We are deploying uCMDB/DDMA to discover & map our infrastructure (backbone). We bought a 2000 nodes bundle to support our 1400 servers (we have room from growth). About 90% of our 1400 servers are Windows based (2K3, and 2K8), the other servers are RedHat/Linux.
Discovery limits: how the number of licenses is managed/control in the uCMDB. What CI is counted to know if we reach the limit of our license?
When we met the security team, they asked us to ensure we are not running SNMP discovery on a server not member of our Windows domain. This is to ensure we are not giving our SNMP strings to any non-authorized server. On the other end, they would like to know if a non-authorized machine is present on our network. Is someone ever face the same kind of challenge with their own security team?
We first planned to run IP ping sweeps on IP subnets where our servers should be, then run SNMP, WMI and Cmd discoveries. The request from our security team is now forcing us to change our strategy. We looked at the Windows/Domain discovery to built our list of IP addresses (candidates for SNMP/WMI), but we aren't able to run a full discovery of our network for a reason we don't know.
We must have (at least) 25000 computers in AD, but we can't discover more than 12000 computers after 2 days of domain & Domain Topology discovery. What can be the problem here?
How is your probe ranges setup? Instead of allowing all sub-nets to be discovered are you limiting your discovery scope to certain ones? Another possibility is to integrate with other tools that you might already be discovering with like SCCM that could integrate with uCMDB.
How do you know what an authorized machine is? Is there a DB of authorized machines? Is there a spreadsheet? You would need someway to compare what you can ping, to what is deemed an authorized machine. DDM will just tell you if there is an IP address and if security lets you, what shell it can access.
Just a couple of ideas, but hopefully give you a place to start.
Licensing: Examine your liense. Every ucmdb.xml file I have recieved from HP has not restricted my discovery. I've never come had an issue where I've hit a limit and the appliation stopped discovering. For example, in NNMi if you go over on the nodes you are licensed for than the application stops monitoring nodes until it gets back to the limit. I have not seen that type of behavior.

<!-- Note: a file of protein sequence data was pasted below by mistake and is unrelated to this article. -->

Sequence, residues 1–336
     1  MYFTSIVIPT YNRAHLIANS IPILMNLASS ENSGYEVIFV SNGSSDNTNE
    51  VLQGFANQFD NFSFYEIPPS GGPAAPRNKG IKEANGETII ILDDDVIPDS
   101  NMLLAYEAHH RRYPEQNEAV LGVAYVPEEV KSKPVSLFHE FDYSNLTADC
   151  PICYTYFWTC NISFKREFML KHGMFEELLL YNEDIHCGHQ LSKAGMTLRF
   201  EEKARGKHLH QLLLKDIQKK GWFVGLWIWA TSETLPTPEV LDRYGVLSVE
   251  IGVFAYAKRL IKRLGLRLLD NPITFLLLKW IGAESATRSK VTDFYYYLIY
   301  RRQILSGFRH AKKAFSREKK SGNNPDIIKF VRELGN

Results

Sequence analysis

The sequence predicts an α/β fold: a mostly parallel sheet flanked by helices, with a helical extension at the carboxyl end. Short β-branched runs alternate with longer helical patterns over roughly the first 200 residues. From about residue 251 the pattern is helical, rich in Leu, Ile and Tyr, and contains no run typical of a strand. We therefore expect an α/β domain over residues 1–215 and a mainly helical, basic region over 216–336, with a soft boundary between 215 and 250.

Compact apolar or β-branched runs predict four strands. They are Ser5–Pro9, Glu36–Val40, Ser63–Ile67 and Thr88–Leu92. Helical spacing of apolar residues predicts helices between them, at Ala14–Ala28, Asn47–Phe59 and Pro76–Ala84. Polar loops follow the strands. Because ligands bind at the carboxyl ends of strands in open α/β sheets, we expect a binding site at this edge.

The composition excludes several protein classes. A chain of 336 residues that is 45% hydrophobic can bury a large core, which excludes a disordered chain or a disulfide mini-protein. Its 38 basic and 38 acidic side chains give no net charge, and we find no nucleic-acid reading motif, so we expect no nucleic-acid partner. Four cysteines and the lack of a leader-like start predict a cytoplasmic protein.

Now for your discovery strategy question. First, go get the HP CMS Best Practices Library, and study all of the documentation in that. Go to the HPLN to find the documentation, https://hpln.hp.com/group/discovery-and-dependency-mapping. One thing I hear in your message is your strategy is to turn on all of the discoveries and see what comes back. Doesn't sound like much of a plan. Decide on what types of data you need, then authorize what jobs should be gathering that information, or what current data repositories should be integrated to satisfy them. Having SNMP, WMI, and xCMD out hitting the same machines will mean you will have attributes flopping values as different jobs report variations to the same attribute field. Do you and your team a huge favor, and study up on the CMS BP Library under the 'Planning and Design' section.
For the security concern, this will get answered once you lay out your data-to-job strategy. Discover what you know to begin with, and then design a strategy to discover what you don't know. For example, once you have all of the servers you expect discovered, you can design discovery jobs that look at the deltas. Get your experience with this tool in place with what you expect so you don't have to weed your way later through a torrent of CIs.
I won't comment on your security folks. I could run holes through that statement about the community strings, but if that is their policy I understand what it means to them. The biggest thing you can counter with is that the most common snmp security threat is when the default string is not changed. So scan away with SNMP if you agree to do the delta scans with 'public'.
Get the CMS BP Library. It will answer a lot of your questions.